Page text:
I took the camera for a test run. We set up a scene with high-contrast lighting and extreme color lighting effects: intense reds, blues and greens (see above picture). We also used a fair amount of filtration (using ProMist filters and Schneider Classic Soft filters) to see if we could soften the image in a pleasingly retro way. Lastly, we did a fair amount of shooting outdoors to get an idea of how the camera could handle daylight exteriors.
The crop factor of the BMCC sensor took some getting used to. I’ve been accustomed to using full frame 35mm sensors (or the 5D’s almost VistaVision sized sensor) and the camera’s smaller sensor required much wider lenses to achieve medium and long shots. One should be aware, therefore, that a 12mm to 14mm lens will soon become your wide angle of choice for this particular camera.
After a day of shooting, we took everything over to Light Iron Digital in Los Angeles, where we spent time with colorist Ian Vertovec on Quantel’s Pablo color correction system. The results were impressive in terms of latitude: There were indeed 12 to 13 stops of latitude in the image when rated at 800 ASA (we found when pushing it to 1200ASA the image becomes a bit noisy.) We found that the 12-bit color depth allowed us to really saturate the image with rich reds and greens without polluting it.
After these tests, I felt confident moving forward with the BMCC to shoot a short film called “Missing You” for co-directors Anne Gregory and Nick Ross. Because of budget, time and the majority of on-location work, shooting RAW was not the most practical solution for this project, so we shot the majority of the movie in the Apple ProRes 422 format—a format we found retained a surprising amount of information when we compared it to RAW. (Below is a still from “Missing You.”)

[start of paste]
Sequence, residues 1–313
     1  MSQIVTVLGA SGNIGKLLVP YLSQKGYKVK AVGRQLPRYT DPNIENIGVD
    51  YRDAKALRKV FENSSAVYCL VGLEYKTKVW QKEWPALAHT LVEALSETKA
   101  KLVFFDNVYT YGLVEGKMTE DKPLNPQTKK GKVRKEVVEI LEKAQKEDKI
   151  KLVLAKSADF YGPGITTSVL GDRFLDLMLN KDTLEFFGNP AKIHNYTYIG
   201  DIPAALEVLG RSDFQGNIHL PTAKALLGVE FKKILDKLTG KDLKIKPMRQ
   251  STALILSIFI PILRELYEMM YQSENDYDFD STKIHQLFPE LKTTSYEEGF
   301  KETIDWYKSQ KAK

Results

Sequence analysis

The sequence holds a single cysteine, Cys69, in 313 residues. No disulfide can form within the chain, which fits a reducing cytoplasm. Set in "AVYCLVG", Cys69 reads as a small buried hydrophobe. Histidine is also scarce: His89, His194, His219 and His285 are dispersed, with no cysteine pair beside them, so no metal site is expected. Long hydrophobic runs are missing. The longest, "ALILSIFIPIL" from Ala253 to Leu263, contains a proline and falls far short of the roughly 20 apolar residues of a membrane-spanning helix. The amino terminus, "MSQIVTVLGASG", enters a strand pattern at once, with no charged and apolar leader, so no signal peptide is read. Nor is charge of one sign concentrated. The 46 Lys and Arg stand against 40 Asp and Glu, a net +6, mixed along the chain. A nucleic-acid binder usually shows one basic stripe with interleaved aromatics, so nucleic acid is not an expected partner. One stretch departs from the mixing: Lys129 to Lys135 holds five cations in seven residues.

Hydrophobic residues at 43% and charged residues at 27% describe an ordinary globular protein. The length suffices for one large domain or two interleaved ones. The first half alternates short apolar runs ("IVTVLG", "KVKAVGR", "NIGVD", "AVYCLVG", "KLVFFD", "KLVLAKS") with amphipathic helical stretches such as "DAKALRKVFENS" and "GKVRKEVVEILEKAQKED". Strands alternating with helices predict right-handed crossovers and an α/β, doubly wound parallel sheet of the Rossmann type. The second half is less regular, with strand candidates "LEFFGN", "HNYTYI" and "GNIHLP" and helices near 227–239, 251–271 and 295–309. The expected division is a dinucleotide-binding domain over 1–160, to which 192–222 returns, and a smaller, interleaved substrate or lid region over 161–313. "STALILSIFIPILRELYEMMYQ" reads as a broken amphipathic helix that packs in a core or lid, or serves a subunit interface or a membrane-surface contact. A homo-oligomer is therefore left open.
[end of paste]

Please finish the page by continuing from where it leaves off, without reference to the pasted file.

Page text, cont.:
What the tests revealed, too, were a few areas of need. It should be noted that Blackmagic intended the Cinema Camera to be accessorized, not completely production-ready out of the box, so it requires a few external support items to make it work. Much like a HDSLR, the camera calls for some sort of third-party support, in a similar manner to what Redrock or Zacuto have produced over the years. Also important to note: An external battery solution is needed to make the BMCC work while un-tethered to AC power. The camera claims 90 minutes of shooting time with its internal battery, but I found that time closer to 60 minutes outside in the full heat of the day. Battery and charger supplier Switronic has an excellent solution to this, and the battery they provided ended up only needing to be switched out once during an eight-hour day. One last issue is the rear view screen. This works fairly well indoors, but getting an external monitor with a hood or EVF (electronic viewfinder) is recommended if shooting outside at all.
However, the properly-outfitted BMCC works amazingly well, and shines particularly brightly when post-production begins. Once you start coloring your footage with DaVinci Resolve (now available in Lite via free download – and it comes free with the BMCC) you can really see the richness the camera delivers. I can’t think of another camera in its price range that achieves such results. With “Missing You,” we shot in a variety of locations and situations with minimal support, and the BMCC handled all of these conditions beautifully. The RAW recording ability was especially helpful when shooting outside in full sunlight, but for the most part shooting in Apple ProRes delivered a very pleasing image.
So is this the camera for you? It depends, of course, on the type of work you want to produce. For its price point, though, the Blackmagic Cinema Camera delivers an undeniably powerful package, allowing you to capture RAW images with ease. MM